Image: Associate professor Julie Liu (L) and doctoral student Sydney Hollingshead prepare to test the new protein-based adhesive (Photo courtesy of Erin Easterling / Purdue).
Adhesive proteins produced by mussels could be the basis for bioinspired, non-toxic surgical glue for moist environments, according to a new study.
Developed by researchers at Purdue University (Lafayette, IN, USA), ELY16 glue is made of an elastin-like polypeptide (ELP) modified by adding the enzyme tyrosinase. The modification forms mELY16, in which the tyrosine residues are converted to 3,4-dihydroxyphenylalanine (DOPA), an adhesive molecule. Both ELY16 and mELY16 are not toxic to cells and work well under dry conditions; but modification with DOPA increases adhesion strength in highly humid conditions. The modified version can be tuned to varying environmental conditions and different tissue types.
ELPs have the innate ability to coacervate, which causes them to separate into two liquid phases, one denser and more protein-rich than the other, mimicking the adhesion mechanism used by sandcastle worms and mussels. According to the researchers, ELP, which can be produced in high yields from E. coli, can coacervate in response to environmental factors such as temperature, pH, and salinity. In laboratory tests, mELY16 has significantly higher adhesion strength in humid and underwater environments than commercially available fibrin sealants. The study was published in the April 2017 issue of Biomaterials.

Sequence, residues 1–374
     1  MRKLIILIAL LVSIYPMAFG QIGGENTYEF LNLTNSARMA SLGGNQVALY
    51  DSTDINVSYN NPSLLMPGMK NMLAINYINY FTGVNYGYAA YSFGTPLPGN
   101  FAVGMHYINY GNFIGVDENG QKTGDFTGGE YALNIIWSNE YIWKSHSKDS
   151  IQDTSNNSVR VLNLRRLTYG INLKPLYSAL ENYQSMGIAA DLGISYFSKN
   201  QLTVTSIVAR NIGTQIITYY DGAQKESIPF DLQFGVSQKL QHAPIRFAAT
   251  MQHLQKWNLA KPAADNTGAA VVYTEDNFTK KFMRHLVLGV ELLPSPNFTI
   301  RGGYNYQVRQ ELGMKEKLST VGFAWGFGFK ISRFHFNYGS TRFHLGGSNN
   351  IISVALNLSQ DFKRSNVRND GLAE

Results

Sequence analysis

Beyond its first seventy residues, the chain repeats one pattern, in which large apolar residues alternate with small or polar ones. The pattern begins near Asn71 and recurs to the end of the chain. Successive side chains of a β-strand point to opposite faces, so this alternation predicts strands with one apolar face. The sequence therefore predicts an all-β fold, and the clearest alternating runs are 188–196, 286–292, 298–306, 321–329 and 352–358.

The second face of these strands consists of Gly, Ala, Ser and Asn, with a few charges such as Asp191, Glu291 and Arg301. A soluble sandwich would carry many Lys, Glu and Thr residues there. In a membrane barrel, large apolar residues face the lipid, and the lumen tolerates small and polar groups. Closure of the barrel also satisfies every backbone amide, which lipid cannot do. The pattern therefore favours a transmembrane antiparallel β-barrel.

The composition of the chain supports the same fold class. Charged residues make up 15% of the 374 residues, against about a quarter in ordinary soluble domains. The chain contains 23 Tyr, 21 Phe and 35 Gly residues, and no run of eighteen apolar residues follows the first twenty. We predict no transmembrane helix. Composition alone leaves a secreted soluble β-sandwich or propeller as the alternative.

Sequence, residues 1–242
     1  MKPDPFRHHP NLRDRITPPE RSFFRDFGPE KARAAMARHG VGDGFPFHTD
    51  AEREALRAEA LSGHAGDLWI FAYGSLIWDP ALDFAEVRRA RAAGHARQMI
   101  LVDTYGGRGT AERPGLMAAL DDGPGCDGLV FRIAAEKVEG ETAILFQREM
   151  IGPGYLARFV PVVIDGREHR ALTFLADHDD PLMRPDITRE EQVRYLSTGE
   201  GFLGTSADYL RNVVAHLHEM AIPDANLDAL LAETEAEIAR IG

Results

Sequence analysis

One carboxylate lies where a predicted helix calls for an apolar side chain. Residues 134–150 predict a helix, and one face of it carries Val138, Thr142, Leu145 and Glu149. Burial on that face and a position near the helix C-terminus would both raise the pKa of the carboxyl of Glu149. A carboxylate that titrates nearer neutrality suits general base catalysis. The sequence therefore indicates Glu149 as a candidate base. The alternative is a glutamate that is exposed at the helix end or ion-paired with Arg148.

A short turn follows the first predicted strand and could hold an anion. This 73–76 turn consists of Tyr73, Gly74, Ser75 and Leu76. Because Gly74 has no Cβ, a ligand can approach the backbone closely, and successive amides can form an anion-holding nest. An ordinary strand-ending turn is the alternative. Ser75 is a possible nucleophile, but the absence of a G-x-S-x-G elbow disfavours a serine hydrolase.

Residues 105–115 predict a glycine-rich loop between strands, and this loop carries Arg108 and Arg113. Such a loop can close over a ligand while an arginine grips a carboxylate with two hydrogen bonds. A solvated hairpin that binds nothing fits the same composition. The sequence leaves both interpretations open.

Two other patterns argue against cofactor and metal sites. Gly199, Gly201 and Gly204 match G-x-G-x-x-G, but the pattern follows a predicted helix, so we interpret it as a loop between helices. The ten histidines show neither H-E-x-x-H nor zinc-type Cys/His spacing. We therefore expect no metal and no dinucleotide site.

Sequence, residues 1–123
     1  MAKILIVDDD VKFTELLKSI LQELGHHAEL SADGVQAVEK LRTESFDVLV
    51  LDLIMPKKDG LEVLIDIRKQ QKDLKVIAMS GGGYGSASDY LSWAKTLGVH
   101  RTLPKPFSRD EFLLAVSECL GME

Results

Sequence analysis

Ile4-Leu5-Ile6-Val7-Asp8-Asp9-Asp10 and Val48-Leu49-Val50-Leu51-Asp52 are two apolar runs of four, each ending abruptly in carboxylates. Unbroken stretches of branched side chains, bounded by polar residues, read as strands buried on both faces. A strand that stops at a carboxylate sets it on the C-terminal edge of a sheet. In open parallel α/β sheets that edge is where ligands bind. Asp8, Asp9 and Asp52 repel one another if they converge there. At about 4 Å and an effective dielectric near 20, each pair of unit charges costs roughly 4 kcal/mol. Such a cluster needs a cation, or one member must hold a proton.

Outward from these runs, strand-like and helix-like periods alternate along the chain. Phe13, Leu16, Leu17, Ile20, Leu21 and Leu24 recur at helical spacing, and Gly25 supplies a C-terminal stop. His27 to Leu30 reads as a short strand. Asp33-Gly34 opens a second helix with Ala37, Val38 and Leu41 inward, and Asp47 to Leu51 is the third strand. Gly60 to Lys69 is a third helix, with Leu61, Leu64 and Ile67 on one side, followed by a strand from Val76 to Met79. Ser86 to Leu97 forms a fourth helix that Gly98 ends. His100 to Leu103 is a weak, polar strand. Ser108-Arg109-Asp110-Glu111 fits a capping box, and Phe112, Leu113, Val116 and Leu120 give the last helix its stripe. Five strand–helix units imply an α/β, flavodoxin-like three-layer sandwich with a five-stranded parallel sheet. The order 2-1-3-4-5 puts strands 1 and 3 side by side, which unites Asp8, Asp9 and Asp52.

“Our goal was to mimic the type of adhesion that mussel adhesive proteins have, and much other work has focused on the DOPA molecule as being critical to that adhesion,” said senior associate professor of chemical engineering and biomedical engineering Julie Liu, PhD. “When the adhesive materials were exposed to large amounts of moisture, proteins containing DOPA had a much higher adhesion strength compared to unconverted proteins containing only tyrosine. So, DOPA conferred much stronger adhesion in wet environments.”
Elastin is a highly elastic protein found in connective tissues that allows them to resume their shape after stretching or contracting, for example in skin. Elastin serves an important function in arteries as a medium for pressure wave propagation to help blood flow, and is particularly abundant in large elastic blood vessels such as the aorta. Elastin is also very important in the lungs, helping them to contract, and in elastic ligaments and cartilage, where it helps store mechanical energy for load-bearing muscles.